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Iron accumulation in senescent cells is coupled with impaired ferritinophagy and inhibition of ferroptosis

senescence ferritinophagy iron ferroptosis ferritin autophagy aging

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#1 Engadin

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Posted 14 May 2019 - 06:02 PM


Found at Fisetin Research and Reports

 

Abstract

 

Cellular senescence is characterised by the irreversible arrest of proliferation, a pro-inflammatory secretory phenotype and evasion of programmed cell death mechanisms. We report that senescence alters cellular iron acquisition and storage and also impedes iron-mediated cell death pathways. Senescent cells, regardless of stimuli (irradiation, replicative or oncogenic), accumulate vast amounts of intracellular iron (up to 30-fold) with concomitant changes in the levels of iron homeostasis proteins. For instance, ferritin (iron storage) levels provided a robust biomarker of cellular senescence, for associated iron accumulation and for resistance to iron-induced toxicity. Cellular senescence preceded iron accumulation and was not perturbed by sustained iron chelation (deferiprone). Iron accumulation in senescent cells was driven by impaired ferritinophagy, a lysosomal process that promotes ferritin degradation and ferroptosis. Lysosomal dysfunction in senescent cells was confirmed through several markers, including the build-up of microtubule-associated protein light chain 3 (LC3-II) in autophagosomes. Impaired ferritin degradation explains the iron accumulation phenotype of senescent cells, whereby iron is effectively trapped in ferritin creating a perceived cellular deficiency. Accordingly, senescent cells were highly resistant to ferroptosis. Promoting ferritin degradation by using the autophagy activator rapamycin averted the iron accumulation phenotype of senescent cells, preventing the increase of TfR1, ferritin and intracellular iron, but failed to re-sensitize these cells to ferroptosis. Finally, the enrichment of senescent cells in mouse ageing hepatic tissue was found to accompany iron accumulation, an elevation in ferritin and mirrored our observations using cultured senescent cells.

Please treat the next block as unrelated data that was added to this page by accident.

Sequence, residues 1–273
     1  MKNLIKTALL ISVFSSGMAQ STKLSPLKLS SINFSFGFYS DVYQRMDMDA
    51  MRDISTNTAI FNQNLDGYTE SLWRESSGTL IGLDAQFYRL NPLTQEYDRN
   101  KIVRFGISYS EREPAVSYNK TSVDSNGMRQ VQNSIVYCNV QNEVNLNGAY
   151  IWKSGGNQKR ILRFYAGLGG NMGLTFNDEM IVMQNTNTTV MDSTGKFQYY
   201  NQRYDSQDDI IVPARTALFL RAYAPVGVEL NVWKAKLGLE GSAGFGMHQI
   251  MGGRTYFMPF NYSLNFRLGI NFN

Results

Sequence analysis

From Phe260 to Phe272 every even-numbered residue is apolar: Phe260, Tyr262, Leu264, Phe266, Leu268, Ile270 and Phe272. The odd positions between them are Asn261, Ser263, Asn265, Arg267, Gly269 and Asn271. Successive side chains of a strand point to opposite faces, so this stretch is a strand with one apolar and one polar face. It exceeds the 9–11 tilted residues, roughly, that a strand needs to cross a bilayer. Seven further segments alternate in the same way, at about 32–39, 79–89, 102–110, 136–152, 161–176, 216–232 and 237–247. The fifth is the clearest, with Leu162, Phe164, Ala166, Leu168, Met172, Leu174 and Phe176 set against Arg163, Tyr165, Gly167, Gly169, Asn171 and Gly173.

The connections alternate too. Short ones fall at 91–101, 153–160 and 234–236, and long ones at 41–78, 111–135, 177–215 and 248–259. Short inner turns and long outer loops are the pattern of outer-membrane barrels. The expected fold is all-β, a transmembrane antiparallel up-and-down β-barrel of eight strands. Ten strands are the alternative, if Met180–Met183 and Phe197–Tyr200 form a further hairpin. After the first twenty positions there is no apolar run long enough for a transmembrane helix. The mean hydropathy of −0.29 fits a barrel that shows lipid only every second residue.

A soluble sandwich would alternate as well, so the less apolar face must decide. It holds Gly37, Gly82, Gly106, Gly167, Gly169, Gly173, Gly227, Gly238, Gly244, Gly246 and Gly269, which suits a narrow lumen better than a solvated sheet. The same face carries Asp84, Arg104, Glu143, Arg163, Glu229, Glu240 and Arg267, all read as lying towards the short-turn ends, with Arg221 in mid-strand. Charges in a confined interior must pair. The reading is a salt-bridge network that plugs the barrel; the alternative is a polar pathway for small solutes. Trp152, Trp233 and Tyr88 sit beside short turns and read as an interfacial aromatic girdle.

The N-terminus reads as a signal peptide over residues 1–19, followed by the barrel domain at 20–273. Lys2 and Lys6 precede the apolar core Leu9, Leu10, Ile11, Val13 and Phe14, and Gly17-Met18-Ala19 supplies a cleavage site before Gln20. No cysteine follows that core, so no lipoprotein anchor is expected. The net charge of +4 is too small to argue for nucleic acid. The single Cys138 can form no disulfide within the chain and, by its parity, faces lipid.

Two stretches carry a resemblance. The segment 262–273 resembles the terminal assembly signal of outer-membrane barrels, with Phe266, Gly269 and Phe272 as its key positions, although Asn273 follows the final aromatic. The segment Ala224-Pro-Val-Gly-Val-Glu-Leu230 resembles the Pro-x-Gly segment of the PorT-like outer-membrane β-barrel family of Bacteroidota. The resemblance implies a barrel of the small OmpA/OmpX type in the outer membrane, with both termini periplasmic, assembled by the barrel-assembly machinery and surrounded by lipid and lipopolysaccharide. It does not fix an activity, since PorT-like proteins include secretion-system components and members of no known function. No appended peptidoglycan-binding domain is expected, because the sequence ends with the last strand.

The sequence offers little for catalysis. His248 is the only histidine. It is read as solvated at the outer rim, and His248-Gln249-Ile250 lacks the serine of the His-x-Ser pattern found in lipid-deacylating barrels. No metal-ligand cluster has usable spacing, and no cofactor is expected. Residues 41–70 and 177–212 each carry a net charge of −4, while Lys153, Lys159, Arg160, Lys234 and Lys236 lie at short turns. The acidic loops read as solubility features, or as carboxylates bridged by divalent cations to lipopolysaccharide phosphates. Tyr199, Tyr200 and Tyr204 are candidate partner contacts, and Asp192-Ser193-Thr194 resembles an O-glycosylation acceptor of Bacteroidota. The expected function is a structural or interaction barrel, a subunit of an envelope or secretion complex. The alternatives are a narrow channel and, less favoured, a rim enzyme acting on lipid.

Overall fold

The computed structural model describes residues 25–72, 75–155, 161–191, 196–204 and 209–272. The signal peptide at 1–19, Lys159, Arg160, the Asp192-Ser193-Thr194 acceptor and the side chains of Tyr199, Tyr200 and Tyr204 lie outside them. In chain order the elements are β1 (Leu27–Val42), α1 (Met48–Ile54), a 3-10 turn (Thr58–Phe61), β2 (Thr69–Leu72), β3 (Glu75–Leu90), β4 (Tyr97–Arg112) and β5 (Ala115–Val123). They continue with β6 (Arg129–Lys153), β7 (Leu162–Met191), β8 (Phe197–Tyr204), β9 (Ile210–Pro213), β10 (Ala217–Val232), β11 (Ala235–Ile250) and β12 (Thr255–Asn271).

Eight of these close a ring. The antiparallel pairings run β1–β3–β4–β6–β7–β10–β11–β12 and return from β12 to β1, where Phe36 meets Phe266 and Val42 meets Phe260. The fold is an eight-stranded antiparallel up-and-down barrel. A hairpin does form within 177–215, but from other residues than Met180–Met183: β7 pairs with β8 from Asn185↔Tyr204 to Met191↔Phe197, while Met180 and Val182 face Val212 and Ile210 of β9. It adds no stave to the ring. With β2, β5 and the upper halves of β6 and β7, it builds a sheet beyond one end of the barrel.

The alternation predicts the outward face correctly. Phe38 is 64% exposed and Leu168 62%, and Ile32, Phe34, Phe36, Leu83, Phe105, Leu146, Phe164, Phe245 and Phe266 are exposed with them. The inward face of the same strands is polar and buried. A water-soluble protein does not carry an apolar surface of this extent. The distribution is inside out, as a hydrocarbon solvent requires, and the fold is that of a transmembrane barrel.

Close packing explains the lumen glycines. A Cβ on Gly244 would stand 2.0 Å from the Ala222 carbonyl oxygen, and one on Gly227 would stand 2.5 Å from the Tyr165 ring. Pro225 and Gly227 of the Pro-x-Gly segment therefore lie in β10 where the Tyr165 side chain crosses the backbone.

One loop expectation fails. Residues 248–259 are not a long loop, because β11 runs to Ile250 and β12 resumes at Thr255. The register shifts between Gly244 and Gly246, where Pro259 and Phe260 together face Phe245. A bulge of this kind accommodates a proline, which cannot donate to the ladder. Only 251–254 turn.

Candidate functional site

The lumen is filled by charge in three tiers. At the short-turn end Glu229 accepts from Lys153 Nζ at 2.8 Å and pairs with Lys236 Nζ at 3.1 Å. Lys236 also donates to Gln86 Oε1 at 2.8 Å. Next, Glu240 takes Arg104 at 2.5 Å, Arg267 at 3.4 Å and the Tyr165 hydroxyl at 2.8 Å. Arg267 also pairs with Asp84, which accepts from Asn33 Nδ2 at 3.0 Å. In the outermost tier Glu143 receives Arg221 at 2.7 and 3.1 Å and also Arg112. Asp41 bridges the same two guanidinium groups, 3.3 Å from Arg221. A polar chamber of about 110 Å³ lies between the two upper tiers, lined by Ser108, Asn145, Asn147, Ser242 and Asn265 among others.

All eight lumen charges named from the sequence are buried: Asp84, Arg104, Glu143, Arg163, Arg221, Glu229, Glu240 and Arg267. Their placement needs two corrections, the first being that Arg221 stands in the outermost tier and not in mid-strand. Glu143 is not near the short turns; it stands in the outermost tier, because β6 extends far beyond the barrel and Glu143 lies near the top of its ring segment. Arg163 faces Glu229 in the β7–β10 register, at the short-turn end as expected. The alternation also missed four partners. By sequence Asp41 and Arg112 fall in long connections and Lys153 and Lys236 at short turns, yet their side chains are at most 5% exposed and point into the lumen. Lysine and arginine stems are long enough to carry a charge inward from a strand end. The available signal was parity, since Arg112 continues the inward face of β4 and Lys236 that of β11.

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INTRODUCTION
 

Cellular senescence refers to cells that have undergone irreversible growth arrest through replicative exhaustion, or in response to a variety of pro-oncogenic cellular stresses (e.g. oncogenes, oxidants, and radiation) [1][2]. Irrespective of the stimulus, senescence safeguards against the unrestricted growth of damaged cells and promotes cellular clearance through eliciting the immune system. However, senescent cells accumulate with age and contribute to chronic diseases and age-related dysfunctions, in part, through the pro-inflammatory factors (e.g. cytokines & chemokines) they secrete (senescence-associated secretory phenotype; SASP) [1][2]. Senescent cells and SASP have been linked with chronic inflammation that is often observed during ageing in tissues in the absence of obvious infection [2]. The clearance of senescent cells in mice, using a novel transgene (INK-ATTAC) that allows for selective apoptosis of p16-positive senescent cells in vivo, improved healthspan by attenuating age-related pathologies both prophylactically and as treatment [3][4]. Removal of p16-positive senescent cells in ageing mice delayed tumourigenesis and attenuated age-related deterioration of several organs, including kidney, heart and adipose tissue, without adverse side effects [3]. Furthermore, a median lifespan extension was observed, indicating that p16-positive senescent cells negatively impact longevity [3].